SERDP 2019 Project of the Year Award for Resource Conservation and Resiliency
Garlic mustard (Alliaria petiolata) is a textbook example of a plant that can overwhelm a landscape. A biennial plant from Eurasia, it has rapidly become a problematic invasive species in North America. It forms dense monocultures that enable it to invade forest interiors and threaten native plant community composition. Garlic mustard reduces native plant diversity through competition for resources and through the chemical suppression of beneficial fungal symbioses.
Dr. Kristina Stinson from the University of Massachusetts and her team led a SERDP funded project that examined the interactive effects of biological invasion and abiotic global change factors on the functional diversity of soil fungi of Northeastern forest habitats. The focus was on management implications for forests disrupted by the invasive plant species garlic mustard. The team visited and sought permission to work at over fifteen candidate sites for this study and ultimately identified eight study sites in locations with active garlic mustard invasions. These sites were strategically distributed across a climatic nitrogen deposition gradient in New England and provided a unique opportunity to observe landscape-level variation in the soil ecological responses to invasion and eradication.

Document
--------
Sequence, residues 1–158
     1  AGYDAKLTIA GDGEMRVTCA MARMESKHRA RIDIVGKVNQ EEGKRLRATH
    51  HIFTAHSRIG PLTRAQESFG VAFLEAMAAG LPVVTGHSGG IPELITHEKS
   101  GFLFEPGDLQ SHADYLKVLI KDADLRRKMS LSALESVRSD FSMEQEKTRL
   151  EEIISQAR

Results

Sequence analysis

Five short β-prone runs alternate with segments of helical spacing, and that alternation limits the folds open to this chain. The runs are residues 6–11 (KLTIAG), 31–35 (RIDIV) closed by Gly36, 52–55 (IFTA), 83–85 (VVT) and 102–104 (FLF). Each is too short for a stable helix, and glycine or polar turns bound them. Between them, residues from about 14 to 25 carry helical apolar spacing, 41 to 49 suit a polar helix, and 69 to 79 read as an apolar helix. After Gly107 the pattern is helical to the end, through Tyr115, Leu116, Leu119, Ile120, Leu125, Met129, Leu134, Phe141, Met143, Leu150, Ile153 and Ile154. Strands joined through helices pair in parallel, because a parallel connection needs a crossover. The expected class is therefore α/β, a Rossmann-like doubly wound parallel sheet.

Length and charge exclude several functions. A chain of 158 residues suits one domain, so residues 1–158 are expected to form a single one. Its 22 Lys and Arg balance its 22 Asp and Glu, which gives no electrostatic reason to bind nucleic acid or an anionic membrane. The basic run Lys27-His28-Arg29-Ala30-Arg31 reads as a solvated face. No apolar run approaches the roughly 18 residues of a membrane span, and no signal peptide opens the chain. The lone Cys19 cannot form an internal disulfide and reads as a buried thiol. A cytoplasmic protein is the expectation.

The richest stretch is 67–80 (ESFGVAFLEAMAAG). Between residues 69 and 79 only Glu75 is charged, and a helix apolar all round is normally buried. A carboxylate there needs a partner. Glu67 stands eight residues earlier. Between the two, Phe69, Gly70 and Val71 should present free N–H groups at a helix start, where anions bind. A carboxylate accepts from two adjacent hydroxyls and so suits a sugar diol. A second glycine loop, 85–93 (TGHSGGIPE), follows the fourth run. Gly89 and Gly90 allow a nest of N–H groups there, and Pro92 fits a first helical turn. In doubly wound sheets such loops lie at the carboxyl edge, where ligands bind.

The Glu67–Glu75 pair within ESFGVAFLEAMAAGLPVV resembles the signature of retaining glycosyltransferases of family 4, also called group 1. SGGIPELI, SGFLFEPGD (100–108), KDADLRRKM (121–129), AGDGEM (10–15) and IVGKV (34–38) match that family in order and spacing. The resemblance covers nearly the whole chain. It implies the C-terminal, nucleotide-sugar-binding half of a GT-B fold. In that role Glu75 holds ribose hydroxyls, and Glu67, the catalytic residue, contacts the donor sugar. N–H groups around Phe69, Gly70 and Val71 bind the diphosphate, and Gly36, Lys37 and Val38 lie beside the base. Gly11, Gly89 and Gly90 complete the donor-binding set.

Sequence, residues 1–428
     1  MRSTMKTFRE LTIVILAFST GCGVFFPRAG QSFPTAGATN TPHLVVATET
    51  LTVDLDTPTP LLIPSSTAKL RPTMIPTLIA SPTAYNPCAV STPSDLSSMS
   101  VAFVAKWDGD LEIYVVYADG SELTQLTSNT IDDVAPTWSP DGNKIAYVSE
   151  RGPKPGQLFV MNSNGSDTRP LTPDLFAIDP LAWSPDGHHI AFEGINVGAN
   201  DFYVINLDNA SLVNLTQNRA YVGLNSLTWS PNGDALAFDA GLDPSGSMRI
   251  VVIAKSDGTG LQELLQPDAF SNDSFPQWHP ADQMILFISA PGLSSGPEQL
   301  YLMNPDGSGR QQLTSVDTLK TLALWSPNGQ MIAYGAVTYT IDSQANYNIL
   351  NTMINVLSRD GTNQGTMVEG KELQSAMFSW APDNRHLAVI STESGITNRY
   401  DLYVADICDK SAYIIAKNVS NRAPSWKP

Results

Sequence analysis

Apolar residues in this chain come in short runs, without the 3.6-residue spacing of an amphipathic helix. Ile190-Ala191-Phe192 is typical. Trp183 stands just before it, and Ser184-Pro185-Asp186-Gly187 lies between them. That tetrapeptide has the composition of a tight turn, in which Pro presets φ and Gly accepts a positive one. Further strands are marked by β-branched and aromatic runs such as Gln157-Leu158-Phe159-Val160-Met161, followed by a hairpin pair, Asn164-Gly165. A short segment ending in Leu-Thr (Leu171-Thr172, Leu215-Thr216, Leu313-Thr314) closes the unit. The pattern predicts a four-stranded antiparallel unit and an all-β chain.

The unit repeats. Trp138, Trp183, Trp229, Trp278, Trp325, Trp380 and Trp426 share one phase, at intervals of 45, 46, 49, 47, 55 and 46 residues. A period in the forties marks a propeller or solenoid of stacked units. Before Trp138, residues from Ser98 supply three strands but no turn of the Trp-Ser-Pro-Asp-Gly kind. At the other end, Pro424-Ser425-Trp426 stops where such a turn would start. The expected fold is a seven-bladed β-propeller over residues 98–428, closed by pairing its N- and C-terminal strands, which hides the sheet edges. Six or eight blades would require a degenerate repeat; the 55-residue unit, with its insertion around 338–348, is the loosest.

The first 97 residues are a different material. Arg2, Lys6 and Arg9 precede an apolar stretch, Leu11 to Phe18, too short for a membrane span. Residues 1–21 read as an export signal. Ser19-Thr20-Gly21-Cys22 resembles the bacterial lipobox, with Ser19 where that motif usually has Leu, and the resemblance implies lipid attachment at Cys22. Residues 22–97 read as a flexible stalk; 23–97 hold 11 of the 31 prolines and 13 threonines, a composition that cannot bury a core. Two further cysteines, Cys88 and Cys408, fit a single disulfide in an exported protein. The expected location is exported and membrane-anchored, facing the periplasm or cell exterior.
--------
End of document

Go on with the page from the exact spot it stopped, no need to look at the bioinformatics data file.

The project resulted in significant and important findings. This is the first study to document impacts of garlic mustard on soil microbes with such high molecular resolution and at a broad landscape scale. The research team determined that climatic warming has the potential to promote garlic mustard invasion and negatively impact tree seedling performance.
For this significant work, Dr. Stinson and her team received the 2019 SERDP Project-of-the-Year Award for Resource Conservation and Resiliency for their project titled, Restoration of Soil Microbial Function Following Degradation on Department of Defense Lands: Mediating Biological Invasions in a Global Change Context.